Torbreck founder David Powell was born and raised in Adelaide, South Australia. His father was a chartered accountant and like it or not, Dave soon found himself on a similar career path. However, while immersed in the study of Economics at Adelaide University, an uncle introduced him to wine and young Dave realized that grapes could be more intriguing than numbers. He began spending more and more of his spare time in the Barossa Valley and during the winters, he availed himself of the opportunity to venture overseas to work harvests in both California and Italy. He travelled throughout the famous wine regions of Europe and even spent time in Scotland as a lumberjack. This experience was instrumental in illuminating the unique attributes of the Barossa, at a time when others felt this heritage was past its sell-by date.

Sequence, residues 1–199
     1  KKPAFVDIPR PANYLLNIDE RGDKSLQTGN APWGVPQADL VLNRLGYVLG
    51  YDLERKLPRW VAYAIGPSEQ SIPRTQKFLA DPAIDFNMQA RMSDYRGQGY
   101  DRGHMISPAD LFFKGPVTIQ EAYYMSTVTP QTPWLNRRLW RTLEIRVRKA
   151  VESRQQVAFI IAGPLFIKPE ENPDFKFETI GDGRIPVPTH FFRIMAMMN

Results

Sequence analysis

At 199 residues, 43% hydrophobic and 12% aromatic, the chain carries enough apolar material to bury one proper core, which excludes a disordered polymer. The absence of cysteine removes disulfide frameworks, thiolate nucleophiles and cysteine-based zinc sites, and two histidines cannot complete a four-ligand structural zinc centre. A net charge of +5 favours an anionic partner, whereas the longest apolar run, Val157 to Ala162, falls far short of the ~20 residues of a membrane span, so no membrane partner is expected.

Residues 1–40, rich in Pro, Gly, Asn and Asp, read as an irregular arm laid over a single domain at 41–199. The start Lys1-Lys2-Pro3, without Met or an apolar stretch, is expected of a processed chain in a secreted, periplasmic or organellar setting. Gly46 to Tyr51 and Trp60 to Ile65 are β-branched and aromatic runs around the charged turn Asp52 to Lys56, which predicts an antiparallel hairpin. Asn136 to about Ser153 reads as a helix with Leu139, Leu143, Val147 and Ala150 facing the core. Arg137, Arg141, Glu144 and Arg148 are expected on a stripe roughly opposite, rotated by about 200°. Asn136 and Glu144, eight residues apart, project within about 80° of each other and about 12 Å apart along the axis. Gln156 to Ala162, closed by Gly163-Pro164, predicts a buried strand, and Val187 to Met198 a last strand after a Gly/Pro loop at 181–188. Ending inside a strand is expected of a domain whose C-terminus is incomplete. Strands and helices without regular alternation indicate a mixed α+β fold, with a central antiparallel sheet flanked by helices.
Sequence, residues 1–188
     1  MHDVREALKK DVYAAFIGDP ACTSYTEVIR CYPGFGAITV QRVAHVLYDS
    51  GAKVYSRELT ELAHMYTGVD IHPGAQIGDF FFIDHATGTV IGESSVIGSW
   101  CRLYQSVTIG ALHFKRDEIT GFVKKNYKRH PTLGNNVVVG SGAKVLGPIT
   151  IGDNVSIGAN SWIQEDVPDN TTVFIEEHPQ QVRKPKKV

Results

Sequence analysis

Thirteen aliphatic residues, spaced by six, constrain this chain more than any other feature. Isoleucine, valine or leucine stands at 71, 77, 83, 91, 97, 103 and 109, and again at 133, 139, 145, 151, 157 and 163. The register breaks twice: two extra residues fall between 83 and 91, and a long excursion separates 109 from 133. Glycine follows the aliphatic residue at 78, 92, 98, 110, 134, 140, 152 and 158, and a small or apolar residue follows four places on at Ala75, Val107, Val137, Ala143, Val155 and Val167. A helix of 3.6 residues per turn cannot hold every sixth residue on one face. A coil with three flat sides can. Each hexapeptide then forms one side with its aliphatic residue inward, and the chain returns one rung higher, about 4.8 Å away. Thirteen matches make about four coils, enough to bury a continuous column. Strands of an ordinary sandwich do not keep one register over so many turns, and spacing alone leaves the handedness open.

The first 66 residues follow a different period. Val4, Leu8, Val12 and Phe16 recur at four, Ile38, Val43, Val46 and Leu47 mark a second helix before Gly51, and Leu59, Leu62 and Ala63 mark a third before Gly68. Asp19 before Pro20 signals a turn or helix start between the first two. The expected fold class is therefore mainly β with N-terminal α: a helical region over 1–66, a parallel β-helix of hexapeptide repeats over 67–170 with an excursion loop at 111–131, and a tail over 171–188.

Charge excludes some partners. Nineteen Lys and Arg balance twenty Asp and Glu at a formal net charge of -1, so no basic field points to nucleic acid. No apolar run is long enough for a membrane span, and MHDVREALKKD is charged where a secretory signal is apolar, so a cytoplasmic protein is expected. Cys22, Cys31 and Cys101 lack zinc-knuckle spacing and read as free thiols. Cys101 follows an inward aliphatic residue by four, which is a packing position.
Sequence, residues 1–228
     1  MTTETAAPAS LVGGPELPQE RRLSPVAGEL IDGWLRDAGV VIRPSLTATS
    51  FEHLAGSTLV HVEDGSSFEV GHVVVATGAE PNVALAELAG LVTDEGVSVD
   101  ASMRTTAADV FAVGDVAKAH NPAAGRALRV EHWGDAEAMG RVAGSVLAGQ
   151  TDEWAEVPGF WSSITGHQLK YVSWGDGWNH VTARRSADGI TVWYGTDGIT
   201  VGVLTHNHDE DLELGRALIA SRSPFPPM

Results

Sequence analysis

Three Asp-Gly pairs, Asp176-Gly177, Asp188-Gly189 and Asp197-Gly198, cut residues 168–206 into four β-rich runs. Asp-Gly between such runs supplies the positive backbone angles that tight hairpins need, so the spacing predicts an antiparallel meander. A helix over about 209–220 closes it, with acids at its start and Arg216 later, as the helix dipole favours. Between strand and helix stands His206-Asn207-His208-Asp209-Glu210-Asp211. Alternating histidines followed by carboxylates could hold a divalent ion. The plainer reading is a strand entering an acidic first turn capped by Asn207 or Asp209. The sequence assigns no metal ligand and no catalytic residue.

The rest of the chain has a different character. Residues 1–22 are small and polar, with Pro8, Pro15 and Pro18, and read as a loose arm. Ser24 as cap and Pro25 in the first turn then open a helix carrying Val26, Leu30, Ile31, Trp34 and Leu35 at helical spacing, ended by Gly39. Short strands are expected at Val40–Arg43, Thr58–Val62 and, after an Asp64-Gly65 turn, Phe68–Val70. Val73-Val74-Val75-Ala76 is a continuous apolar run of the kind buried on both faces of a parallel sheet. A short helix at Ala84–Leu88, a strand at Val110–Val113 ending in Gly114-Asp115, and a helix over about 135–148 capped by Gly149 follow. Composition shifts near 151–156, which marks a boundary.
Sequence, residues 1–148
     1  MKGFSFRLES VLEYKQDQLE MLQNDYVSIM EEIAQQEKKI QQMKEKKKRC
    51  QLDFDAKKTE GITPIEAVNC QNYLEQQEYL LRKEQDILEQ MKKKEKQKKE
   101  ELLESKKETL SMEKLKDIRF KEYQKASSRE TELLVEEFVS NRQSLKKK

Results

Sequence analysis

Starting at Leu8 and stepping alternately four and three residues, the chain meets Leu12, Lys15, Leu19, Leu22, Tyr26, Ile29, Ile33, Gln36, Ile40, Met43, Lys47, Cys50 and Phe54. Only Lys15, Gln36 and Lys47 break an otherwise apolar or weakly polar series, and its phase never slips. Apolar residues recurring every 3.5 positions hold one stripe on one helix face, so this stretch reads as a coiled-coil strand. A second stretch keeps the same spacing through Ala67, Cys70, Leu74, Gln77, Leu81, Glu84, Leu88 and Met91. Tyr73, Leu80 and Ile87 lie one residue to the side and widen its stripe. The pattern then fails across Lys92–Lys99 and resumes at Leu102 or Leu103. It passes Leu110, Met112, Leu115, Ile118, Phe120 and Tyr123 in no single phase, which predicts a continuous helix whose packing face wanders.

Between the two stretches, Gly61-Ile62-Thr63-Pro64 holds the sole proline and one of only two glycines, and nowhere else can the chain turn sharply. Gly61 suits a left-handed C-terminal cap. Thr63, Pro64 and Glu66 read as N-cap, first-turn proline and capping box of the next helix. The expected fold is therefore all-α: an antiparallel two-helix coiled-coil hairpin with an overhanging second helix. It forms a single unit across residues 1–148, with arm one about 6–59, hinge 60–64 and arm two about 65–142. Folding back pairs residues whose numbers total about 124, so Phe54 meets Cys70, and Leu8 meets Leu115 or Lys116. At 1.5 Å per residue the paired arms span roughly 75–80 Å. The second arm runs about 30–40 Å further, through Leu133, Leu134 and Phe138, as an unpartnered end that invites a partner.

Finding work at Rockford in the Barossa Valley, he became steeped in the traditional culture of the region and in the early 1990s the idea of owning his own winery began to take shape. David was saddened by the vinous devastation caused by the mid-1980s government sponsored ‘Vine Pull’ scheme but in working with Rockford’s Robert O’Callaghan, he became convinced that a market existed for old vine wines influenced by the classic Rhône styles. Lacking deep pockets (but inspired nonetheless), he set about approaching local landowners concerning their neglected properties. Dave nurtured these old, lifeless and overgrown vineyards back to health in his spare time. Bringing this old practice of share farming back to the Barossa subsequently secured for him a regular supply of fruit from the best Shiraz, Grenache, and Mataro vineyards, including a few hectares of what are thought to be among the oldest grapevines on the planet. In return for his “sweat equity”, Powell’s efforts were rewarded with a few parcels of dry grown fruit, and he turned these “wages” into the first bottles of Torbreck.